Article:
…all that remains are a few personal odds and ends which defy easy characterization, although the first two have been referenced obliquely in a few of the preceding organizational posts.

–An attempt to find the good news from the year 2016

–A literal collection of “odds and ends” from July 2017

–How difficult it can be to separate the art from the artist who produced it.

–Some thoughts on St. Valentine’s Day (spoiler alert: thumb down) followed by some absurd and funny bits.

–A sampling of my taste in fiction, based upon a Facebook challenge (show one book a day for seven straight days with no explanations):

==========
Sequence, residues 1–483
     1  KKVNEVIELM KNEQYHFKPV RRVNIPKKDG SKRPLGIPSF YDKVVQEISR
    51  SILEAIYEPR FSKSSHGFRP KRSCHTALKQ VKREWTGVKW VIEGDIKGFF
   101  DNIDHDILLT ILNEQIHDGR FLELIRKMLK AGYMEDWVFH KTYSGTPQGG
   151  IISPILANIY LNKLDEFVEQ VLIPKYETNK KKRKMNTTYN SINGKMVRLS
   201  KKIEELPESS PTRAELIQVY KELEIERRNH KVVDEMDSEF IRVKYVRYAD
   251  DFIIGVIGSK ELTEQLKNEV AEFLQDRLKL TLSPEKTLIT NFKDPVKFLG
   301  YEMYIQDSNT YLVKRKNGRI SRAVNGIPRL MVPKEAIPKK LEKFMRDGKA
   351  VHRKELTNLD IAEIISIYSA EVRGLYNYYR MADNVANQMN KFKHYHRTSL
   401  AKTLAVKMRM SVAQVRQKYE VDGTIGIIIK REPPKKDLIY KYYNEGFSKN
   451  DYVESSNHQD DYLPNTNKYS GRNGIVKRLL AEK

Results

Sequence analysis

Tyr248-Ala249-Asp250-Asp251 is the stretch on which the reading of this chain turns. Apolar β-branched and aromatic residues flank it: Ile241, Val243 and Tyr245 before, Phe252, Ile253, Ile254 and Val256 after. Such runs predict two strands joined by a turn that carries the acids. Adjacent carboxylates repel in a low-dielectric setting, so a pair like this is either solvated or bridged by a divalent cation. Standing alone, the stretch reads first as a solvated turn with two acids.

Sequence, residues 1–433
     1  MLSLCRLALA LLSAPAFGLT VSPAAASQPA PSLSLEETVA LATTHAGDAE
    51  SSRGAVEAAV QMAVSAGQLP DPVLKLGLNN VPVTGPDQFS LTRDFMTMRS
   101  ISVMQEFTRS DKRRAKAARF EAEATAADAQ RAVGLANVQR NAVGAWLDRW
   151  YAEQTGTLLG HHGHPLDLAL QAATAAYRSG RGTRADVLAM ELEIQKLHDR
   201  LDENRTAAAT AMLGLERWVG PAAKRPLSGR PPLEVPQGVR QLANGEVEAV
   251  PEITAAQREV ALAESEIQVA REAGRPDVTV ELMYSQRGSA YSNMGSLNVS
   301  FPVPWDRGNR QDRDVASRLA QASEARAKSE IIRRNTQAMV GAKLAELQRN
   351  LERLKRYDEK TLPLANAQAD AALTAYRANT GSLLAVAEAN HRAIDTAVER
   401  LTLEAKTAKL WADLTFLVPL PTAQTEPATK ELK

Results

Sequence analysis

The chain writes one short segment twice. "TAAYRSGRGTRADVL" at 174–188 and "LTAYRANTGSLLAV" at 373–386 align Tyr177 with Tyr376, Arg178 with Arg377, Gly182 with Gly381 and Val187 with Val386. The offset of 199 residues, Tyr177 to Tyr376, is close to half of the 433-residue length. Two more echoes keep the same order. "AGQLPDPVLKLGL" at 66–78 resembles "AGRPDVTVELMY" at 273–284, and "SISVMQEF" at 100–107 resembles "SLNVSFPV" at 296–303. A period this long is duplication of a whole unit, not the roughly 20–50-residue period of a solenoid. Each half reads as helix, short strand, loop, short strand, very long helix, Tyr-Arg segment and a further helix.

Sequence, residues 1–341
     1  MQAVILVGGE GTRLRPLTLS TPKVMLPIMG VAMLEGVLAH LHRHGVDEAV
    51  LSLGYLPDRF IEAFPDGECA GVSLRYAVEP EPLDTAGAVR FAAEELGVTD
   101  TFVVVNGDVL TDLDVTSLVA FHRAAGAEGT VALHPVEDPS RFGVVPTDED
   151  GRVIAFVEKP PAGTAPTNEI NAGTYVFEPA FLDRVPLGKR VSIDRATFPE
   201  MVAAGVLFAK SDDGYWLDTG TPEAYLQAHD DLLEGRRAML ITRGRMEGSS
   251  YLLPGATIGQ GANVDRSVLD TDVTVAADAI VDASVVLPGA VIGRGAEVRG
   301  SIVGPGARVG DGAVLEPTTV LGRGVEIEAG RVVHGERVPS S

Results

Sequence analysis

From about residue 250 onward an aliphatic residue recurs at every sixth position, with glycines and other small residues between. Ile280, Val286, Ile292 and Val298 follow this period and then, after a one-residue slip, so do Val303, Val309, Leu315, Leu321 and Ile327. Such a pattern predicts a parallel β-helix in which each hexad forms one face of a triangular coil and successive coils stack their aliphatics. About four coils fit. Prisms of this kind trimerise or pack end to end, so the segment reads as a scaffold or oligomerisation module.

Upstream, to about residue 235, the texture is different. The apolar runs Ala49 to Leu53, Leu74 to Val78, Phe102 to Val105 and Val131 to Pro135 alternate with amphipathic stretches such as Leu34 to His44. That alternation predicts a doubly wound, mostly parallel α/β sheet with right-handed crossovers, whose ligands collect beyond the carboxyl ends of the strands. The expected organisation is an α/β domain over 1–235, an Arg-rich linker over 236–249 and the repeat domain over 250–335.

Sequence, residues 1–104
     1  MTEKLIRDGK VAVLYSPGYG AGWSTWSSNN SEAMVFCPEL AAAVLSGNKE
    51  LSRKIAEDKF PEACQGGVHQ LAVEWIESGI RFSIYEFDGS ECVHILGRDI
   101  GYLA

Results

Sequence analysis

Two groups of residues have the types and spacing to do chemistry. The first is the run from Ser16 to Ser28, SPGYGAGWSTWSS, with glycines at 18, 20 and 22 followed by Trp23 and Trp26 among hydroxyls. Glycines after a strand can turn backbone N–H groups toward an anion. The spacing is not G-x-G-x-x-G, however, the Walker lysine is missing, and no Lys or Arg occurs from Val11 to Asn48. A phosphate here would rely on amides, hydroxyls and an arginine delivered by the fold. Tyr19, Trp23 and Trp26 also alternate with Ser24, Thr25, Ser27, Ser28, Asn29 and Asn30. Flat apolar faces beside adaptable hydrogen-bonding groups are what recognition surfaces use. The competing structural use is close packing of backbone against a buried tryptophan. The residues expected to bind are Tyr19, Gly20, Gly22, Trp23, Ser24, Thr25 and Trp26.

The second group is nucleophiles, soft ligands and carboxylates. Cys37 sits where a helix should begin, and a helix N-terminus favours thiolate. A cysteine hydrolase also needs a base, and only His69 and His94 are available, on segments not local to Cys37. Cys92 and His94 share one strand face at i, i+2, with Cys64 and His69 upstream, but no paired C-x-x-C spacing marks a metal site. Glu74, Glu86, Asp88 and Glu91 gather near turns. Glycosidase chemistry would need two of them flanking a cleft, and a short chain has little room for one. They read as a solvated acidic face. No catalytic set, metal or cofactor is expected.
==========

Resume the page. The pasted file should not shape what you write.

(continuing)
Detective Fiction

Oscar Wilde/George Bernard Shaw

–Random facts about me

Questions asked…and answered

For my 100th post…100 random facts

–Moving experiences

Moving memories

Moving serendipity

And that is about it.

Well, not quite…a post about random blog posts should be accompanied by a random photograph of random things:

IMG_0967 (2).JPG

Until next time…

Updating the Doctor(s)

This spring, we learned that the charming three-story brick townhouse whose ground and basement floors Nell and I have occupied since September 2007 was being sold. As a result, we four will move into a nearby Brookline apartment (nicer and with a spectacular view of Boston, to be fair) at the end of July.

While that was happening, I was finishing an essay on the manifestations of film noir in the resurrected Doctor Who I would love to have published in the Film Noir Foundation quarterly e-magazine or other equally-solid periodical. If nothing else, it will better contextualize this photograph.

IMG_1524